VANCOUVER — School staff are no more likely to contract COVID-19 at work than they are in day-to-day life in their communities, a new study out of B.C. has found.
The study’s results were released as schools are wrapping up for the summer following a challenging year that saw changing policies, closures and outbreaks for many educational facilities across the country. For teachers, parents and students that led to stress and uncertainty.
But the recent study, funded by the federal government and conducted by researchers at B.C. Children’s Hospital, the University of British Columbia and Vancouver Coastal Health, suggests there was a low rate of infection among school staff.
“These findings show that, with appropriate mitigation strategies in place, in-person schooling is not associated with significantly increased risk of (COVID-19) transmission for classroom-based staff compared to members of the general population,” said Dr. Pascal Lavoie, principal investigator of the study, in a news release.
The study, released on June 18 and still subject to a peer review, tested school staff for SARS-CoV-2 antibodies, which would show they had been infected previously. The hope was to determine how many people had the virus, regardless of whether they felt symptoms.
Of the 1,556 people researchers tested, 2.3 per cent tested positive for antibodies. According to the study, that number is similar to the number of infections in a reference group of similar age, sex and area of residence.
“I think it’s very reassuring for parents,” said CTV News medical specialist Dr. Marla Shapiro, who explained the study was completed when COVID-19 rates were higher in the community and vaccination rates were lower.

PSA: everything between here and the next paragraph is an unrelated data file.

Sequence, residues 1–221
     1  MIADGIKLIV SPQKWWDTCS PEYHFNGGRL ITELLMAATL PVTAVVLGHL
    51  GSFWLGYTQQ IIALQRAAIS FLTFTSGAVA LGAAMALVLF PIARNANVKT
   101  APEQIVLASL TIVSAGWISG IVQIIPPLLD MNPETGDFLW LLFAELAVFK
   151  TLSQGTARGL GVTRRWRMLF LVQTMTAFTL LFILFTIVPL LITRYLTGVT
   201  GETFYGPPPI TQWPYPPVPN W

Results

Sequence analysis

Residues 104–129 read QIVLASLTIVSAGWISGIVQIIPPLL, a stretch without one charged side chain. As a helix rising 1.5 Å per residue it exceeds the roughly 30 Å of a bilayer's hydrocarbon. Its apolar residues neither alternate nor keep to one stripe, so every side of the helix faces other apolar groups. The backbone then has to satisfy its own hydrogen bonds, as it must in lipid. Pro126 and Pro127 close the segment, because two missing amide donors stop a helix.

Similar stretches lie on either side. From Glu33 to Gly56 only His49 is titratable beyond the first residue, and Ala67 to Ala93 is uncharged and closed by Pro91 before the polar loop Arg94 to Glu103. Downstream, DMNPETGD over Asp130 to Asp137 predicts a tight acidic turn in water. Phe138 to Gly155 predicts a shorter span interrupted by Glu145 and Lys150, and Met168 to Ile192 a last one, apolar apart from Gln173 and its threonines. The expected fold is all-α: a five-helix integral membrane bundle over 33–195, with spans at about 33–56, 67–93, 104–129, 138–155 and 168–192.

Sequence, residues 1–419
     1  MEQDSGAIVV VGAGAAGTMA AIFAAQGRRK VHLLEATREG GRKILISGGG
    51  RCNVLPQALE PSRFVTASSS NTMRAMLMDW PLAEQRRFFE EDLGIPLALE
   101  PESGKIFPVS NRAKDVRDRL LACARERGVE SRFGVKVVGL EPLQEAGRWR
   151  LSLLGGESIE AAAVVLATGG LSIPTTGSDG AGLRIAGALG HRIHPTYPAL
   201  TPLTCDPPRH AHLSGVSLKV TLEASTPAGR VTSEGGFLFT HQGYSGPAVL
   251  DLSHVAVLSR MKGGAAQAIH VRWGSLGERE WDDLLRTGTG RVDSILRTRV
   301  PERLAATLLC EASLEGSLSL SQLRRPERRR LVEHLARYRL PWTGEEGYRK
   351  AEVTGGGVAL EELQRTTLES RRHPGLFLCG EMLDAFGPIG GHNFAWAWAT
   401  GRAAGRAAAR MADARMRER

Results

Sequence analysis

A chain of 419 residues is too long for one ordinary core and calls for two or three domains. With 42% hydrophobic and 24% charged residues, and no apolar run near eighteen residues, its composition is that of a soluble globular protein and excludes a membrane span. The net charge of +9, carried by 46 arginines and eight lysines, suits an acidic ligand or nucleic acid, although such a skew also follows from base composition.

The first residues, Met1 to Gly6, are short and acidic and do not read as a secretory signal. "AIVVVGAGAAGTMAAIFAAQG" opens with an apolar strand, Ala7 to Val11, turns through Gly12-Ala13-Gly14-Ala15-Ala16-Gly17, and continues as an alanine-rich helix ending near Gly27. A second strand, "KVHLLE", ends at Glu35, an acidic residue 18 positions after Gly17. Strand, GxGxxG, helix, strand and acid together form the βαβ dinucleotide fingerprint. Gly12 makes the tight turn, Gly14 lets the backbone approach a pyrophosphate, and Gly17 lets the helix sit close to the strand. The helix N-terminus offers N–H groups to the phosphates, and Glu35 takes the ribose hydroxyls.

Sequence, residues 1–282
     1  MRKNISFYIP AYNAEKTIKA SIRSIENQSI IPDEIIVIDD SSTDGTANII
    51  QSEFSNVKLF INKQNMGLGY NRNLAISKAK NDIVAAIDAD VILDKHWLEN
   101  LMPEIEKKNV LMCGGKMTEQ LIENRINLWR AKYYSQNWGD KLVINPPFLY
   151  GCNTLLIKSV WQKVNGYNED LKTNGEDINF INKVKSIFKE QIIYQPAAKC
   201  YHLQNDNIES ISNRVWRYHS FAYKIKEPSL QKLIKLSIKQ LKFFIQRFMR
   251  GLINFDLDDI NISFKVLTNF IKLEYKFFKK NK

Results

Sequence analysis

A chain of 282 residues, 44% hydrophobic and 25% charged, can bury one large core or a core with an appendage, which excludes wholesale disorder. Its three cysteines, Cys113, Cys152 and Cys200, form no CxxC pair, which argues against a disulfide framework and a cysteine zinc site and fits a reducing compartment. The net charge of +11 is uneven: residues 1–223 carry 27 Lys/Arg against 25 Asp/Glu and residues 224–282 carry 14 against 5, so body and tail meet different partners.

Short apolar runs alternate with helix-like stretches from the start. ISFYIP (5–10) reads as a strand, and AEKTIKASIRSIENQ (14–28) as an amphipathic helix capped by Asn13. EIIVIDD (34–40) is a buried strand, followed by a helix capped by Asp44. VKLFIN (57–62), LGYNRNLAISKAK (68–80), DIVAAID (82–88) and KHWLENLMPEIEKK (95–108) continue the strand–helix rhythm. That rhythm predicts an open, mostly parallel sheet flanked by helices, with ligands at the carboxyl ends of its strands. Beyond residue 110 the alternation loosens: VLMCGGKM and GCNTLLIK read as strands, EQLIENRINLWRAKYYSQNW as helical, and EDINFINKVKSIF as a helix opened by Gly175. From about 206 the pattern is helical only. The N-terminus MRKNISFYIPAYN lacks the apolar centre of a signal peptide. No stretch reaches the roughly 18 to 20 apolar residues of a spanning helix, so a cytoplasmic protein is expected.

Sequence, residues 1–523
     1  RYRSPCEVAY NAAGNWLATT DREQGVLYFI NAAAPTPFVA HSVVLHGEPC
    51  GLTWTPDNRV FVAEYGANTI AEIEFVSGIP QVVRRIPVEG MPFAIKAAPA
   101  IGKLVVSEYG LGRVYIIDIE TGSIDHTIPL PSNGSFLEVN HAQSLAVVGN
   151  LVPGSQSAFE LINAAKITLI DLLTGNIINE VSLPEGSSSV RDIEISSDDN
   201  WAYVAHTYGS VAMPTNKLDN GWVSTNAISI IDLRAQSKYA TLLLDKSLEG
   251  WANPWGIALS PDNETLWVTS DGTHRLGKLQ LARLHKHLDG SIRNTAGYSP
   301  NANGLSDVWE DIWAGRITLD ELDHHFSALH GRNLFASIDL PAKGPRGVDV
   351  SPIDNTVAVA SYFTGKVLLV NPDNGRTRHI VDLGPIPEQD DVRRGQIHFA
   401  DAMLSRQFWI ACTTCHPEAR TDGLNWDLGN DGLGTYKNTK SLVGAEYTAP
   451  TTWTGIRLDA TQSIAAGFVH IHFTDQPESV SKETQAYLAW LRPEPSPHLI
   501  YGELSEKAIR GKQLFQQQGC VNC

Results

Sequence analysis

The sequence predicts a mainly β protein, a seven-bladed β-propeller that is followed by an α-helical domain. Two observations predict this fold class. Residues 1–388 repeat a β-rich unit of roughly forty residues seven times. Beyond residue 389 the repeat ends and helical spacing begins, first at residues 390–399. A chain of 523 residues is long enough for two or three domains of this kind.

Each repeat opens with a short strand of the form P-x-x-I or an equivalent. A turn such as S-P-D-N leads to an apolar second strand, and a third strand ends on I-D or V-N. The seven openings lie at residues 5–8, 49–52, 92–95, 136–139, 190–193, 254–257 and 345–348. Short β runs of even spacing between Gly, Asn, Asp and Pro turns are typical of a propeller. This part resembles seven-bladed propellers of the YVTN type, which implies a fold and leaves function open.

“If during this period of time we really saw that it mirrored what happens in the community. It really tells us that with mitigation strategies that our schools are safe places.”
Shapiro said the situation “will only be better by the fall” as vaccination rates continue to rise.
The study also included a survey of 1,689 school staff. Of those, 278 said they had close contact with a student or co-worker who had tested positive for COVID-19, but only five staff who were infected themselves believed it was likely they got infected while at work.
“The results suggest that only a few teachers and school staff contracted SARS-CoV-2, and most assume that they did not contract it at school and thought they caught it from friends or family,” Lavoie said.
The results of the study echo what B.C. provincial health officer Dr. Bonnie Henry has been saying for months. In a modelling presentation in April, Henry said only about eight per cent of COVID-19 cases in VCH schools recorded between Sept. 10 and Dec. 18 – whether they were students or staff – were connected to transmission in the school setting.
According to the provincial health officer, this showed that transmission in schools is being driven by transmission in the broader community, rather than the other way around.
Last week, Henry announced students and staff will see a “near normal” return to class in the fall. All students are expected to be back in the classroom for full-time, in-person instruction and the cohort system will come to an end. Guidance on mask-wearing in schools will be confirmed later in the summer.
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